‘Tis a once-in-a-lifetime day for dreidels and dressing! (And hardcore napping.)
This news segment may be in Hebrew, but it’s still fun to follow along. (Hint: You’ll recognize several Boston connections!)
From Israel Broadcasting Authority
All you need is a dreidel (a top with four Hebrew letters on its sides), a pot (a bowl of pennies, nuts or candies as a reward), and some friends or family members.
With Thanksgivukkah upon us, Slate offers this handy guide to future Hanukkah holiday overlaps.
Kosher baker and cookbook author Paula Shoyer plans to make these pumpkin doughnuts for breakfast on Thanksgiving morning as a treat for the many family members who will be with her.
He may not be able to spell it, but Boston Mayor Thomas Menino is on board with Thanksgivukkah. He promised to proclaim Nov. 28 “Thanksgivukkah Day” in the city.
You’ve probably heard of Judah and the Maccabees, but what about Judith? At one time, the story of Judith—a young widow who killed the Assyrian general and led the Israelites to victory—was considered an important part of the Hanukkah narrative.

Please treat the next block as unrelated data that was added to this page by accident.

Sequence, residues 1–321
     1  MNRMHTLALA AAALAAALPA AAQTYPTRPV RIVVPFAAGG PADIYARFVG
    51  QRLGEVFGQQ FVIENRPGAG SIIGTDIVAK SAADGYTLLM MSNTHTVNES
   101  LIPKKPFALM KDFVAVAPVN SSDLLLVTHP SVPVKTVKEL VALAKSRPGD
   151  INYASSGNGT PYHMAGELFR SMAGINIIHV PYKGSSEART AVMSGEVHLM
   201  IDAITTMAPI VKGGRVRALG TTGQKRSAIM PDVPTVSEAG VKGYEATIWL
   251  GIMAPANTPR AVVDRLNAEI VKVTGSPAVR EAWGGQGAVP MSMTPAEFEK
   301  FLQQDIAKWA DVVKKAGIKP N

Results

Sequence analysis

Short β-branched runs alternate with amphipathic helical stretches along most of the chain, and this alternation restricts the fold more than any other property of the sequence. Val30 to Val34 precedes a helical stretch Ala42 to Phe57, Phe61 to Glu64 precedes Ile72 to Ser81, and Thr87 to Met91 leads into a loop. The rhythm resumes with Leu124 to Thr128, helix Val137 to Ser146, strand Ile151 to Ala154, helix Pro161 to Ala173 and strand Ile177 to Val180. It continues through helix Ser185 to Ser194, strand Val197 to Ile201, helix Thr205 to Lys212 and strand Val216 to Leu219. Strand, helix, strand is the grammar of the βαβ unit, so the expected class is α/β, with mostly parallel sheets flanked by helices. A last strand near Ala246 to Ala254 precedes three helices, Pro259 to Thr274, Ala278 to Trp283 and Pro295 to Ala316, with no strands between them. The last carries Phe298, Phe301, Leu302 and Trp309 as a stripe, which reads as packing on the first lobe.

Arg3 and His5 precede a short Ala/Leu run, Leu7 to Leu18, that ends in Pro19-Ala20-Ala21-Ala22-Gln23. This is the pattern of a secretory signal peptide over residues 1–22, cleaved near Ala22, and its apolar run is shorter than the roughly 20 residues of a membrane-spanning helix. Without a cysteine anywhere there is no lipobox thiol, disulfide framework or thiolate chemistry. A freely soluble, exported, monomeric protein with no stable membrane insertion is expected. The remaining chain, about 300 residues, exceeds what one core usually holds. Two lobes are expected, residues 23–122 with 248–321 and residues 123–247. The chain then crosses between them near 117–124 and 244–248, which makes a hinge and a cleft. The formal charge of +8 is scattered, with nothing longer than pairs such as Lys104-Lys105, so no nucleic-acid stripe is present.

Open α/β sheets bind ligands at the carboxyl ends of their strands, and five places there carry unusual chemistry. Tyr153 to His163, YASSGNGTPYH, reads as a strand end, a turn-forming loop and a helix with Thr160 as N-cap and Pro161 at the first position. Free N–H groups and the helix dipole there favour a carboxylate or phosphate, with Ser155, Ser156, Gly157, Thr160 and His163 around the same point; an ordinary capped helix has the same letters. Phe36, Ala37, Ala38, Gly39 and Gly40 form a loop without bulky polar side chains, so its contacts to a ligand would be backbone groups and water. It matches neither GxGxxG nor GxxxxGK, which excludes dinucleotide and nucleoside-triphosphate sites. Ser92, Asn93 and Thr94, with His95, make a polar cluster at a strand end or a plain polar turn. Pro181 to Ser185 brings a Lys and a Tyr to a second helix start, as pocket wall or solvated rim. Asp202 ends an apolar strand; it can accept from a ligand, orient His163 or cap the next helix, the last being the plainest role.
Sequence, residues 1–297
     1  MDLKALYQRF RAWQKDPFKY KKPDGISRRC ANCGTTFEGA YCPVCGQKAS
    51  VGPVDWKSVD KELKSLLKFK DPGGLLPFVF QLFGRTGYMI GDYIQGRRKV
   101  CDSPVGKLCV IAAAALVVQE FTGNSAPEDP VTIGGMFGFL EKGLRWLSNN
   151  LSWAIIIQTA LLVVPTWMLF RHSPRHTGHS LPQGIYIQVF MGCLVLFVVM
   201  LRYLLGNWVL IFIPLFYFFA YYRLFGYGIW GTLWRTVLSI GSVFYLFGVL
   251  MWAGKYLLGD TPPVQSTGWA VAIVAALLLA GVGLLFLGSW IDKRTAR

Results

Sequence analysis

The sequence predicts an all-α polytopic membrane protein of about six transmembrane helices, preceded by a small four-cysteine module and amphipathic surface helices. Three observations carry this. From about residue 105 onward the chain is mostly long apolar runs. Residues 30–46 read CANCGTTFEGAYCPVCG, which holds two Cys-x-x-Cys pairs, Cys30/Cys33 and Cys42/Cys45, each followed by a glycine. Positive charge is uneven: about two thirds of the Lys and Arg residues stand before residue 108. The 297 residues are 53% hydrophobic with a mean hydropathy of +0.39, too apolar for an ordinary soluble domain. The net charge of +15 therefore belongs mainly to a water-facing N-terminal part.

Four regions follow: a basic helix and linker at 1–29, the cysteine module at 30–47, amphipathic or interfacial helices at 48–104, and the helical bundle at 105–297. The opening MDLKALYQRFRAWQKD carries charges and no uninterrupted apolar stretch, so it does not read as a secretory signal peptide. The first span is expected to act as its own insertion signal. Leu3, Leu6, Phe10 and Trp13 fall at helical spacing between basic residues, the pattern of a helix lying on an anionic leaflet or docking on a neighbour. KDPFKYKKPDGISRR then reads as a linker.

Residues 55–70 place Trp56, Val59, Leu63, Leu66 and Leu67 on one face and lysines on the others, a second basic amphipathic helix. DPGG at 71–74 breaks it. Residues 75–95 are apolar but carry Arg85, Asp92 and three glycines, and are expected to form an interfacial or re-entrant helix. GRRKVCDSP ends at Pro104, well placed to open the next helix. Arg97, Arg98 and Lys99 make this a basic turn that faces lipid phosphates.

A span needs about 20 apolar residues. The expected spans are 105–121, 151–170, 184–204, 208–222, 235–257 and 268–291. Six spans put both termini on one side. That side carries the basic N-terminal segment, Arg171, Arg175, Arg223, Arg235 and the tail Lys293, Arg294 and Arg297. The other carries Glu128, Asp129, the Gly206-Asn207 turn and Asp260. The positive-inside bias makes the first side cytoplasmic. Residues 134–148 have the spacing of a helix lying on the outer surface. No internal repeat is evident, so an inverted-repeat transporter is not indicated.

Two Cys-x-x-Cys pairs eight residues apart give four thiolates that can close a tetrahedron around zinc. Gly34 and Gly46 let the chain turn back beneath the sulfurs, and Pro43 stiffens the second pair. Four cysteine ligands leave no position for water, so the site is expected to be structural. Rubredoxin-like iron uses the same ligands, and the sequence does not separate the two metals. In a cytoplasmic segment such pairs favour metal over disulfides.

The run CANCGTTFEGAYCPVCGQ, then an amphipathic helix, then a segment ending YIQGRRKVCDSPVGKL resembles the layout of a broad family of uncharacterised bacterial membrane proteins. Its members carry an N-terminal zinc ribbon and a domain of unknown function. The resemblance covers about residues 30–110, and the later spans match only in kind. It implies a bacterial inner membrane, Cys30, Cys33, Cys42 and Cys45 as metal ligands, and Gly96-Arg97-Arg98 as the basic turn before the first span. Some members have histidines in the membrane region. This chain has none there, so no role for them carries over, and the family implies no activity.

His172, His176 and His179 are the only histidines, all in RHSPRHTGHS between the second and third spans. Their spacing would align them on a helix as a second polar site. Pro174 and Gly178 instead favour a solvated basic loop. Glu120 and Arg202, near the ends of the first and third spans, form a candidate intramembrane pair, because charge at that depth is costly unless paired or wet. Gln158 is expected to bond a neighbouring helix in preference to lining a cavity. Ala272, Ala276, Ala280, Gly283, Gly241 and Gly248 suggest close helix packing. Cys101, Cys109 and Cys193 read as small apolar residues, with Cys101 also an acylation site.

Tamar Skowronski’s limited-edition Thanksgivukkah cards are designed to combine the colors and themes of autumn in New England with the whimsical dreidel and concepts of Hanukkah.
I know there are traditional prayers for Hanukkah, but are there alternative prayers we can bring to our table to enrich this year’s Hanukkah/Thanksgiving feast?
For the first time since the 1800s, the first full day of Hanukkah coincides with Thanksgiving Day this year, and according to many in the Jewish community, the two holidays have much more in common than just a calendar date. They both celebrate gratitude, community, and religious tolerance.
From PBS Religion & Ethics Newsweekly